DNA barcoding is becoming more and more important for rapid and accurate identification of plant species. With joint international efforts, the two-marker combination of rbcL+matK was proposed as the ¡®core¡¯ barcode for land plants in August 2009 by CBOL Plant Working Group 2009, and trnH-psbA and ITS suggested as supplementary barcodes. To evaluate the universality and effectiveness of the four candidate barcodes (i.e. rbcL, matK, trnH-psbA and ITS), a coordinated effort has been made to further evaluate the markers, as a response to the call of the Third International Barcoding of Life Conference in 2009. A large data set, involving 6,286 individuals representing 1,757 species in 141 genera of 75 families of seed plants, was pooled by the China Plant BOL Group led by Prof. Li Dezhu from the Kunming Institute of Botany, CAS. Comprehensive analysis of the dataset was made to assess the universality, sequence quality and discriminatory power of the markers. The results indicated that the three chloroplast markers showed higher level of universality, while ITS performed moderately well in angiosperms, but not so in gymnosperms. As to the discriminatory power, ITS provided the highest among the four markers, and a combination of ITS with any chloroplast DNA marker could improve species discrimination significantly with 69.9-79.1% discriminatory power, which was significant higher than that of rbcL+matK with 49.7%. In addition, the ITS2 also showed relatively high discriminatory power. Based on a comprehensive evaluation, ITS (or ITS2) together with rbcL, matK should be incorporated into the core barcode for seed plants (China Plant BOL Group 2011, PNAS, 108: 19641¨C19646).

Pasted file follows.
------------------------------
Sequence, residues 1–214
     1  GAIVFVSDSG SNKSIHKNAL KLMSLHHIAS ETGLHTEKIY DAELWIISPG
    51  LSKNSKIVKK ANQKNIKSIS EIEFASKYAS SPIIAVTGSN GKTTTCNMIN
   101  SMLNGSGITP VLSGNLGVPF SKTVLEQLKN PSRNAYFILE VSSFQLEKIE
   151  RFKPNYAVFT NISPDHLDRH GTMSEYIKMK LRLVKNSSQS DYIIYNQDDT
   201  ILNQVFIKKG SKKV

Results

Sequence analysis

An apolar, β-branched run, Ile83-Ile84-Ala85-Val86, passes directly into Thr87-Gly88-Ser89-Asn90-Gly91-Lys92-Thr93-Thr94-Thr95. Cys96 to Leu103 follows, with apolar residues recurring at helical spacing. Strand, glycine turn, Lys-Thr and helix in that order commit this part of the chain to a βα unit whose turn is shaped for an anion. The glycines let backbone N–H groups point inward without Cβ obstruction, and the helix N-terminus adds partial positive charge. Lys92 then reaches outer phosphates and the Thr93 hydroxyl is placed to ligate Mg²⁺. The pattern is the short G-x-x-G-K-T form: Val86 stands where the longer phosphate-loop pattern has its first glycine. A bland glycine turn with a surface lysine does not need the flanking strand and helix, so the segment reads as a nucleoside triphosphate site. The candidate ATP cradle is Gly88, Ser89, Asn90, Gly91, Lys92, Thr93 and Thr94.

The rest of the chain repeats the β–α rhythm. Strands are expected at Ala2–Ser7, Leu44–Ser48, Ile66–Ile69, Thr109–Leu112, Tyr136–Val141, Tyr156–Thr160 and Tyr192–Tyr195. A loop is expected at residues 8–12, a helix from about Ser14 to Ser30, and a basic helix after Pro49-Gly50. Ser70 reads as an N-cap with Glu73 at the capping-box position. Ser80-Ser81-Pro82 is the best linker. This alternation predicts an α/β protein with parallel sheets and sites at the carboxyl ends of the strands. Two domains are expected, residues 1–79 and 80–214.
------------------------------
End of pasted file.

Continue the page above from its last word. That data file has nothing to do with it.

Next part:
Research on Novel MicroRNAs Sees Breakthrough

Recently, a research group led by Prof. Dr. Qin Qiwei from the CAS key lab of marine bio-resources sustainable utilization, South China Sea Institute of Oceanology, CAS made innovative progress on marine virus encoded microRNAs. Team member Dr. Yan Yang et al identified and characterized a series of novel functional miRNAs encoded by a marine virus, Singapore grouper iridovirus (SGIV) for the first time. These findings were published online in the PLoS ONE (Yan et al. 2011. Identification of a Novel Marine Fish Virus, Singapore Grouper Iridovirus-Encoded MicroRNAs Expressed in Grouper Cells by Solexa Sequencing. PLoS ONE. 2011. 6(4): e19148.). This is the first experimental demonstration of miRNAs encoded by aquatic animal viruses. The results take into insight of the miRNA world, and provide new information for the better understanding of iridovirus pathogenesis.